Sarah Nyante, PhD.
Researchers led by Sarah Nyante, PhD, from the University of North Carolina also found other variations in racial and ethnic groups when it comes to the accuracy of diagnostic mammography, including later diagnoses for Black women and higher proportions of ductal carcinoma in situ (DCIS) in Asian and Pacific Islander women.
"Our findings indicate that factors associated with the imaging facility, rather than individual characteristics, may explain some of these differences, particularly since the study population consisted of women who had already received a screening mammogram," Nyante and colleagues wrote.
Differences in breast cancer screening and diagnosis, as well as tumor characteristics have been studied over the years. Research suggests that in the U.S., breast cancer incidence is highest among non-Hispanic white and non-Hispanic Black women. Meanwhile, breast cancer-related mortality is highest for non-Hispanic Black women.
Mammography's role in breast cancer detection is important, but its contributions to racial differences aren't understood. While previous research has attempted to address racial and ethnic differences in timeliness of screening and care, the study authors wrote that little is known about differences in other parts of diagnostic workup, such as outcomes.
Nyante et al wanted to assess differences in racial and ethnic groups when it comes to diagnostic digital mammography's performance following a recent screening mammogram. They looked at prospective performance statistics among non-Hispanic white, non-Hispanic Black, Asian and Pacific Islander, and Hispanic women.
"Examining differences in diagnostic digital mammography performance and tumor characteristic outcomes by race and ethnicity may help to understand why disparities in cancer detection and quality of care may persist for some demographic groups," they added.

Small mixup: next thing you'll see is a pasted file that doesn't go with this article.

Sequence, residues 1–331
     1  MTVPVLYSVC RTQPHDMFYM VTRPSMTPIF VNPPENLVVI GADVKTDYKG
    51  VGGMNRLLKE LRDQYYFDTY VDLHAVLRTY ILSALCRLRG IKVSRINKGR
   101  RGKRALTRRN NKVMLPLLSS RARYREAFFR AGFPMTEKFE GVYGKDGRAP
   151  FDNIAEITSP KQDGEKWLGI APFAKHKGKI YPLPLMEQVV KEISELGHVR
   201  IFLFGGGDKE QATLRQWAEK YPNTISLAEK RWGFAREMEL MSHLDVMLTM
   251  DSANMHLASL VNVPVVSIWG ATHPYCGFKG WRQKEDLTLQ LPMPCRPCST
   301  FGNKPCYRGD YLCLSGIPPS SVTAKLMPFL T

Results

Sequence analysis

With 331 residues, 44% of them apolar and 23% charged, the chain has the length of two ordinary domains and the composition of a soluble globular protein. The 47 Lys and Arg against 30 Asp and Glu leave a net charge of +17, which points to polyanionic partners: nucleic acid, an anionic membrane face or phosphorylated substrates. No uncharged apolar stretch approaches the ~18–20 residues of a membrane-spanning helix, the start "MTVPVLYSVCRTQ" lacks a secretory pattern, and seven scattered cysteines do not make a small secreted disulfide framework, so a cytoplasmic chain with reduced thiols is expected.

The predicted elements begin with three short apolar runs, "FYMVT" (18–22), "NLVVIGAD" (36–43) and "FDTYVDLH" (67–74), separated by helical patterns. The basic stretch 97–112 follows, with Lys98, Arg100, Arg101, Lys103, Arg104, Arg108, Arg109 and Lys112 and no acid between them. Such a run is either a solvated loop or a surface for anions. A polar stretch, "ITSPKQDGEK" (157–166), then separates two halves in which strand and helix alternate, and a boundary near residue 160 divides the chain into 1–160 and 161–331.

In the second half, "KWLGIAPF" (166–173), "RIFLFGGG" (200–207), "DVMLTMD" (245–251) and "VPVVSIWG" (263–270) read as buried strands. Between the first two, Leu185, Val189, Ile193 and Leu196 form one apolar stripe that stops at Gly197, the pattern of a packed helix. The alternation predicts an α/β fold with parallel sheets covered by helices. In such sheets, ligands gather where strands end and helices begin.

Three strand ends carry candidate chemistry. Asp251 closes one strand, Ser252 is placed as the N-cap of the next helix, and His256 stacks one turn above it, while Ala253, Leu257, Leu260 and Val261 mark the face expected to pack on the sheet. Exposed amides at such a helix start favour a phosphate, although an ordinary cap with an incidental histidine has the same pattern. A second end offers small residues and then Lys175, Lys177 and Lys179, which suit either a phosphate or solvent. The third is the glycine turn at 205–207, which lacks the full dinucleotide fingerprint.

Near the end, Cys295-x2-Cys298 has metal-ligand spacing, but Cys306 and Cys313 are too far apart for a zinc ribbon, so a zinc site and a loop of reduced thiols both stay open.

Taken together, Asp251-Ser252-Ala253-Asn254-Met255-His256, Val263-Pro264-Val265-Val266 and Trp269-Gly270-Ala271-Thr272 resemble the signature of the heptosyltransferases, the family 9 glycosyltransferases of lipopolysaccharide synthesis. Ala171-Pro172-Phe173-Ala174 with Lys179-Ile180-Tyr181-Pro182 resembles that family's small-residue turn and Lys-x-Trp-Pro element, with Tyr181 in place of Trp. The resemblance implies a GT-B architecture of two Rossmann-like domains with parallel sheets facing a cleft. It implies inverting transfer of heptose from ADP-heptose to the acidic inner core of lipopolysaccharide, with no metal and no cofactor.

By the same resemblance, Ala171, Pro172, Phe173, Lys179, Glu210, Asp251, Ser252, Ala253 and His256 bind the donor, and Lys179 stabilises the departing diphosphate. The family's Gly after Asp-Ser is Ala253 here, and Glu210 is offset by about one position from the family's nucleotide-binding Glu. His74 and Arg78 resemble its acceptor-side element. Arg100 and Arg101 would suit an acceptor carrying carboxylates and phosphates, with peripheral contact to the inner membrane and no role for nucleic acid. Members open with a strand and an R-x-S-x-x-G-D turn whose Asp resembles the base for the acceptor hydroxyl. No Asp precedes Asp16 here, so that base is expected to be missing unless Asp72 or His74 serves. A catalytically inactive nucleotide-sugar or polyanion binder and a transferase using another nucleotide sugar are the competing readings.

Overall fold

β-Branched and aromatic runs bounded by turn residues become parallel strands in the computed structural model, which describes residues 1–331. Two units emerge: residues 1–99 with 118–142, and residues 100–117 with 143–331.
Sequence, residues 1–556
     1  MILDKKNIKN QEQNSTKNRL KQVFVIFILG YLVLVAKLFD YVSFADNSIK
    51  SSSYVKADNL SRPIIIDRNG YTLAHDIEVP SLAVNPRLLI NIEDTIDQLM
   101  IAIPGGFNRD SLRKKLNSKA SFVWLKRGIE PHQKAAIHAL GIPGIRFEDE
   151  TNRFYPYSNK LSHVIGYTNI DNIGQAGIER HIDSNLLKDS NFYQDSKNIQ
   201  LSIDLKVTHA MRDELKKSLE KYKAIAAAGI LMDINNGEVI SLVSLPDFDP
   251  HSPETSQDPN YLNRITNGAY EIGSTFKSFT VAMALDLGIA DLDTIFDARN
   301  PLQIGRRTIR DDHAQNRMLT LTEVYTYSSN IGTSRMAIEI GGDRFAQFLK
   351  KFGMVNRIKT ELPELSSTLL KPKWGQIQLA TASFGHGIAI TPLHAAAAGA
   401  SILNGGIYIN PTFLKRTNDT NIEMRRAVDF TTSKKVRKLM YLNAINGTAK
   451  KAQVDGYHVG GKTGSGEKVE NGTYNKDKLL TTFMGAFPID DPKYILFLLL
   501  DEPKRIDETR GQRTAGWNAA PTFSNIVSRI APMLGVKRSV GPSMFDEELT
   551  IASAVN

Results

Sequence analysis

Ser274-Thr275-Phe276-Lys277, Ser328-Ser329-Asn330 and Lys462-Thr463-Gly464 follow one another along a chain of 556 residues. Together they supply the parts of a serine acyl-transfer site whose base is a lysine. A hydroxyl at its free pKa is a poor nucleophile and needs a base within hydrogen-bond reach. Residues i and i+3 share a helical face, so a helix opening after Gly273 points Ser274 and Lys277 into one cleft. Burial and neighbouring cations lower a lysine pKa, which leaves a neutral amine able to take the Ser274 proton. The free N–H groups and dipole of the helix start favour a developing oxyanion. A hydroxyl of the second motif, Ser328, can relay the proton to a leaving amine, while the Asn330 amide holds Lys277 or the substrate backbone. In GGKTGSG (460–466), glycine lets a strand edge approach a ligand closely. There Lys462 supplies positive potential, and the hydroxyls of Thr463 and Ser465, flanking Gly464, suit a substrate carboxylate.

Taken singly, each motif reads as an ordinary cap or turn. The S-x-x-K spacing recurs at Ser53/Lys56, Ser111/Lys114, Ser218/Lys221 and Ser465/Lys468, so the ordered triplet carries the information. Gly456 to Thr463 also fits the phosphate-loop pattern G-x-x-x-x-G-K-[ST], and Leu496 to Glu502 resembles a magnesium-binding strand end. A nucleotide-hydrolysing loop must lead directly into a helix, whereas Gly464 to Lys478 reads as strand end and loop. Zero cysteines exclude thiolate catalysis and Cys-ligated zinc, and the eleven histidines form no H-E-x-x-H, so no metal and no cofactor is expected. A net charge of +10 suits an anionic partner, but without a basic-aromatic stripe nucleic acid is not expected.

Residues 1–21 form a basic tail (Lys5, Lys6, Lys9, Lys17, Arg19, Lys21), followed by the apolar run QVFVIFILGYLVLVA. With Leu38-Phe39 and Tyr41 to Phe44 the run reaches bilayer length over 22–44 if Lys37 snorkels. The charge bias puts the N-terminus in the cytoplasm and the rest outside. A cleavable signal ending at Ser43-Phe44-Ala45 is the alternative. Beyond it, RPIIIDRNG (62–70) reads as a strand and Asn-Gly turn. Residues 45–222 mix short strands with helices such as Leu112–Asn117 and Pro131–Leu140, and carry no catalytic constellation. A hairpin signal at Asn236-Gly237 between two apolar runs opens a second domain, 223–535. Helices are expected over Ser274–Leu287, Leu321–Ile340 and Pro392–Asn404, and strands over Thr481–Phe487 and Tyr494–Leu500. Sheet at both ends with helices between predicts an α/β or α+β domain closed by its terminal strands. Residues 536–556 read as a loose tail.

The researchers gathered data from 267,868 diagnostic mammograms performed to evaluate screening mammogram findings at 98 facilities in the Breast Cancer Surveillance Consortium (BCSC) between 2005 and 2017.
|Breast cancer diagnosis characteristics among racial and ethnic groups
|Invasive cancer detection rate (per 1,000)
|Positive predictive value (per 1,000)
|False-positive reports (per 1,000)
|False-negative reports (per 1,000)
The researchers also found that non-Hispanic Black women were the most likely to receive short-interval follow-up recommendations, with 31% of women recommended for further imaging within six months. Meanwhile, such recommendations were made for 22.1% of white women, 16.1% of Asian/Pacific Islander women, and 23.6% of Hispanic women.
Asian and Pacific Islander women had the largest proportion of DCIS at 43%, and Black women were more likely to be diagnosed with later-stage tumors and higher tumor grade. They were also more likely to be diagnosed with the aggressive triple-negative breast cancer subtype.
However, Nyante said that controlling for patient-level characteristics did not explain the differences in performance statistics in this study. She said this suggests that the role of the diagnostic facility in women's breast cancer treatment should be further studied.
Nyante told AuntMinnie.com that the team is working on a second study evaluating diagnostic mammography performance among women with breast symptoms.
"Women with symptoms are typically diagnosed with worse-prognosis breast cancers than screening participants, so it will be interesting to see if the same types of racial and ethnic differences in diagnostic mammography performance are present in the symptomatic population and to what extent that is reflected in the tumor characteristics of the population," she said.
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